Indian cash trumps Kiwi pride
Shane Bond, one of the world’s best and most menacingly quick bowlers, laughs with surprising ease, seemingly undeterred by the fact that he has just been banned from international cricket.
If some expected Bond to mourn the end of his Test career as New Zealand begin their tour of England, they might be taken aback to hear his relish as he moves from the hushed citadels of cricket to the noisily extravagant Indian leagues.
Bond believes he has embraced the sport’s future while transforming his own life by choosing the Delhi Giants—one of the new Twenty20 teams formed under the banner of the rebel Indian Cricket League (ICL)—over New Zealand. Bond laughs lightly at the suggestion that, at the very least, he will double his income: “It’s well more than that.”
The 32-year-old Kiwi, now smiling knowingly, parries a cheeky question about the exact size of his contract with Delhi.
“I’m not allowed to tell you. But I’d have to play for years for New Zealand to earn the same amount of money—and play in every game. So the decision to go to India is a no-brainer.”
With the ICL having already raised more than R15-billion in television rights, Bond is emphatic that the sport can never be the same again. “There will be turmoil at first but if there are people who want to put money into the game they should be encouraged. It’s exciting and a great time to be a player. But it does need to get sorted out because you don’t want the game’s credibility taking a hit.”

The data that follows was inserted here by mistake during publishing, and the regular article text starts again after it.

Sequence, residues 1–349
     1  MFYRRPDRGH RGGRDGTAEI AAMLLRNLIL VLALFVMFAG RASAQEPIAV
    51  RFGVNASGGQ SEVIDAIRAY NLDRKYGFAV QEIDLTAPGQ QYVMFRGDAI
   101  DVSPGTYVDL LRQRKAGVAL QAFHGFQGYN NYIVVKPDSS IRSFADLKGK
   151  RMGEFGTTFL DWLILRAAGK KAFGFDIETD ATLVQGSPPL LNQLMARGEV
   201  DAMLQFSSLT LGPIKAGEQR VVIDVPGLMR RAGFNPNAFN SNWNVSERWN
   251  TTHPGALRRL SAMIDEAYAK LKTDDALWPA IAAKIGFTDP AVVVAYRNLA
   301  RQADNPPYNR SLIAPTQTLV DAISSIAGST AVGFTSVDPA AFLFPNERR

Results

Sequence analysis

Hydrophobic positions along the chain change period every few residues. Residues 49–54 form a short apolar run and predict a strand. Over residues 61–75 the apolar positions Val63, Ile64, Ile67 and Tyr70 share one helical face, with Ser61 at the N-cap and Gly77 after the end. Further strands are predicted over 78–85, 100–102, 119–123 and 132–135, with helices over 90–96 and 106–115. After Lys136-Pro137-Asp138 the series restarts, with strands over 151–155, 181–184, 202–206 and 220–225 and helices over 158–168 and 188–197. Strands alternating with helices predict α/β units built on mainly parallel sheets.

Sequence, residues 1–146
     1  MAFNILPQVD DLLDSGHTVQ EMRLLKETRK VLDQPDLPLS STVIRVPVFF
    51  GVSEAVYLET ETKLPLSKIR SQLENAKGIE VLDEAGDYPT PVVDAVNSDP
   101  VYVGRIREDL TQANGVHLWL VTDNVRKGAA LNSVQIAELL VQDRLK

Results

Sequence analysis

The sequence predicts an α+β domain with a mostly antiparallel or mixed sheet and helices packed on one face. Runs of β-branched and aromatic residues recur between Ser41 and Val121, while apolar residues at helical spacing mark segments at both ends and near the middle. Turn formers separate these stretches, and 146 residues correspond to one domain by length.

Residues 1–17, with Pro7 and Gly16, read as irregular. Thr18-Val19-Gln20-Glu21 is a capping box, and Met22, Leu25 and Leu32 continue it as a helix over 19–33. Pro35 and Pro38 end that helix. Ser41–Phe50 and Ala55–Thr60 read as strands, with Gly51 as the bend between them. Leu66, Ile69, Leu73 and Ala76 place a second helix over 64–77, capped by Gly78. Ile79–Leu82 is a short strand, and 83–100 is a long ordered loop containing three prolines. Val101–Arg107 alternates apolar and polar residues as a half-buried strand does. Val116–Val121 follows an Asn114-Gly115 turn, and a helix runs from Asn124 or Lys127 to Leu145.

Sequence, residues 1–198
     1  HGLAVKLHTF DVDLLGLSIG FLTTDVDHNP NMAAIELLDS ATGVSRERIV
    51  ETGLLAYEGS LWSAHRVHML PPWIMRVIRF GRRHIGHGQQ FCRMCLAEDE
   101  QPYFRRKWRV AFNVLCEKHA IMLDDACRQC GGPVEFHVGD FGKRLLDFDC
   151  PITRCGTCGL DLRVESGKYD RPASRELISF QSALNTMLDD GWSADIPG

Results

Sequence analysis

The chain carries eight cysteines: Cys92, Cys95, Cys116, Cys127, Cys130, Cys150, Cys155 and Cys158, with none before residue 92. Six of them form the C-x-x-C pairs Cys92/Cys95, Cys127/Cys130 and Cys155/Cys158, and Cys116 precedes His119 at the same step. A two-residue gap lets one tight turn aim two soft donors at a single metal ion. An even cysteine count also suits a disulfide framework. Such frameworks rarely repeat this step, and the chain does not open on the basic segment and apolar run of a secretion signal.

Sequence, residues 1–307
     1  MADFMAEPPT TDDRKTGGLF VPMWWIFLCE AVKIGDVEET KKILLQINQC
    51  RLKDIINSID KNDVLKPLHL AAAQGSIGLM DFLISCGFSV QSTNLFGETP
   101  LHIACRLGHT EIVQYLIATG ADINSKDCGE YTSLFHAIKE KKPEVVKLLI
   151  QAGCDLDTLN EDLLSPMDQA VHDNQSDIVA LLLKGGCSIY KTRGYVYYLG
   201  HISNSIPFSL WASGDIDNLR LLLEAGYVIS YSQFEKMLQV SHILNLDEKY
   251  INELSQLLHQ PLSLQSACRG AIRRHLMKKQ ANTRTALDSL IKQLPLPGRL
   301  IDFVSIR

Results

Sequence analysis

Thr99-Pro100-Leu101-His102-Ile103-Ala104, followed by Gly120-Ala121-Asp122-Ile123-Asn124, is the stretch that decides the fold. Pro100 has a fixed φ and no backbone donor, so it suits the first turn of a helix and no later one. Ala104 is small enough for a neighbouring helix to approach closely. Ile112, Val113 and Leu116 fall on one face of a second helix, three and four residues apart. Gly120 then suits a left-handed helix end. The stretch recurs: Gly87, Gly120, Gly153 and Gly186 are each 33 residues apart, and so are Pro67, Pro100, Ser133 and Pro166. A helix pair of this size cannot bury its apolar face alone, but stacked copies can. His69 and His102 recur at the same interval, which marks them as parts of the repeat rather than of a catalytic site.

There have been severe repercussions for trailblazers such as Bond. He and other Test cricketers who have joined the ICL have been banned from the international game, unlike their contemporaries in the Indian Premier League (IPL).
As New Zealand’s only real fast bowler of note, Bond will be badly missed this summer. He shrugs at the irony that he has had to fight to be allowed to fulfil a six-week contract to play for the English team, Hampshire, while his international captain, Daniel Vettori, and four other New Zealand cricketers have been allowed to delay their arrival on tour to appear in the IPL.
“All the players feel it’s unfair. The plan was to play against England at home and go to India before coming here on tour, just like those guys. It’s disappointing, especially in a country like New Zealand where we don’t have the talent base. It’s a bad situation for New Zealand and it’s not great for international cricket either.”—Â